Birthday Wishes

POLITICS

TODAY IS Ronald Reagan's 74th birthday What can we give him? What does he want? What does he need? Of course. Ronald is a simple soul, sure to be satisfied with the buckets of jelly beans he will receive today, but what he really needs is a crown.

Yes, we should crown Ronald Reagan king. It is rather late to make America a monarchy true, but this coronation will simply recognize a falt accompli: Ronald Reagan has become our royal pet. What a magnificent image he projects! Thousand, perhaps millions revere him. Even his enemies call him the Great Communicator. As long as he is fed fine speeches by the tele-prompter and--with the right lights--looks bracingly American, no one cares if he rides horses when he should be working, or is fed lines by Nancy at press conferences. In all honesty, he would be a great ruler if he were not running the government--something which is even now in question. Were he king, we would sleep soundly as professional ministers handled the challenge of American government.

His enemies also call him the Teflon President; no spills or grime can stain his radiant image. This is a useful quality. Although as king he would enjoy many quaint and archaic privileges, he would also shoulder enormous responsibilities; he would symbolize the nation. At home and abroad, disgruntled people would grumble not against America but against "King Ronald," or, rather.

Rex." All the troubles of America would be blamed on him, pinned to his purple cloak. But there they would disappear in the glare of the royal, Reagan glow. A Teflon King makes a great scapegoat.

Besides, is there anything duller than democracy? Where is the pageantry, the fanfare, the inspiring queen, the court intrigue? We have made a cult of monotony, a national religion of similitude: same duties, same opportunities, same rights, same made from. TV ideas. Picture a coronation procession on Pennsylvania Ave., a blast of trumpets for the king, hautboys off-stage, Reagan Rex on a fine Arab charger with Queen Nancy by his side, and the classical monuments of Washington D.C. providing the perfect setting for majesty. All the royalty of Europe would be there, having loaned their jewelry to the tenderfoot from the New World. And think, we could reverse Britain's economic depression by renting all the Crown Jewels at once. No more navy-blue suits in the White House: strictly doublet and hose and beware the jester. Maybe Eddie Murphy could play that part.

We are in danger of becoming a drab, average. B-nation. Universal suffrage is a clever idea, but it protects, us not only from the few fools who choose the worst candidates but also from the wise who choose the best. The result, quite predictably, is consistent mediocrity in office. Ronald Reagan's own election is the most eloquent argument for abandoning democracy.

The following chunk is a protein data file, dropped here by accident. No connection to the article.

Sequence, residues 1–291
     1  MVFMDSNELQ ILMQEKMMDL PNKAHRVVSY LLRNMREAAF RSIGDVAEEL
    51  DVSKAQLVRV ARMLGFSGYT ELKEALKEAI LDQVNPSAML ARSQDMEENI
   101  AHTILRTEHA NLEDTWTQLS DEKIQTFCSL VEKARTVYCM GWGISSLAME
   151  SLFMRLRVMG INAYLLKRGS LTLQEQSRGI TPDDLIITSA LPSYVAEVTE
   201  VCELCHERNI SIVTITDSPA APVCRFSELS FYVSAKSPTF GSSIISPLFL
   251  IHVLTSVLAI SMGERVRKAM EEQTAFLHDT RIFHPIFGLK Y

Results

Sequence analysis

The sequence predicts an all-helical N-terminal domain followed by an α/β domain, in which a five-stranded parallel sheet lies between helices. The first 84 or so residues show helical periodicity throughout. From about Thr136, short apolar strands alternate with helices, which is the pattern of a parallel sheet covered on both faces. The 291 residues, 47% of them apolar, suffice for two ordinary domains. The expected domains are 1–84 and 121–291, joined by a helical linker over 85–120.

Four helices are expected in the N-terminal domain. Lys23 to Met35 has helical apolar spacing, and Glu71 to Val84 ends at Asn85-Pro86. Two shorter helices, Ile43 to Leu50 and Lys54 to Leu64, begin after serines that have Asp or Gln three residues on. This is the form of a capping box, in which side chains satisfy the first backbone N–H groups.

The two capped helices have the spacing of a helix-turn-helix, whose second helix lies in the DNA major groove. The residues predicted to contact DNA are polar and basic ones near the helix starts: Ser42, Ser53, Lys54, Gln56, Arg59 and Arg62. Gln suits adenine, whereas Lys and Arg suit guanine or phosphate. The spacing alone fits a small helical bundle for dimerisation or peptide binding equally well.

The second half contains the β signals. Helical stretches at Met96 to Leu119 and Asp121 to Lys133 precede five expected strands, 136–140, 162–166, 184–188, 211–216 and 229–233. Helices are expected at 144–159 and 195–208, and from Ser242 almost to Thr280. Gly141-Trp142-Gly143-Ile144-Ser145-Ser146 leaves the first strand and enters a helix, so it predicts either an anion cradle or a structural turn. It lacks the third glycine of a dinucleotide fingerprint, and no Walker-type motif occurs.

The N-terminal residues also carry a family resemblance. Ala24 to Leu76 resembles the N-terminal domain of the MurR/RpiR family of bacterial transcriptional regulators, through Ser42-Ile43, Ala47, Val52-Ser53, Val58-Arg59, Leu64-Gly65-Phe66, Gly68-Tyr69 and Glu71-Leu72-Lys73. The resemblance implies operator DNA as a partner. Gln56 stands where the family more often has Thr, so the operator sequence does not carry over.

PERHAPS. ON A small Pacific island or in the youthful America of Frank Capra's movies, democracy is a viable option. There popular vote could quickly solve any conflict over statehood, fishing rights, or coconut claims. But today's burgeoning bureaucracy hides the reins of power from the people beneath greasy, matted layers of agencies, offices, and aides; everyone is involved but no one knows what they are doing. Like crowds of cooks busy with broth, democracy will surely contaminate the soup of state.

The mood of the nation, too, is distinctly undemocratic. A successful democracy must trust the common man. But do we trust ourselves? Of course not. The questioning of the 1960s have left America with a highly critical self-perception. I'm not OK; neither are you.

But wait. Have we not lost the knack of royalty? Does it not take years of grooming--a grooming America does not provide--to form a king, to develop the royal flair? True, but all the more reason to take advantage of President Reagan's acting experience. Admittedly, in the past, we have not manufactured royalty, but we have not manufactured illusion. Now, Hollywood can make its first contribution to American culture. A movie star is just the man to be America's first king.

No president in recent years could possibly have been king. John F. Kennedy might have made a decent prince, but Jimmy Carter on his peanut farm? Richard Nixon whining about Checkers on national TV? Gerald Ford? Imagine how foolish they would look with ermine robes, crowns, and sceptres--not to mention the difficulties which mounting a throne might present poor King Gerald. No, they could not be kings. But in Ronald Reagan we have a rare, historic opportunity. As they say in the movies, it may be crazy, but just might work.

Happy Birthday, Gipper!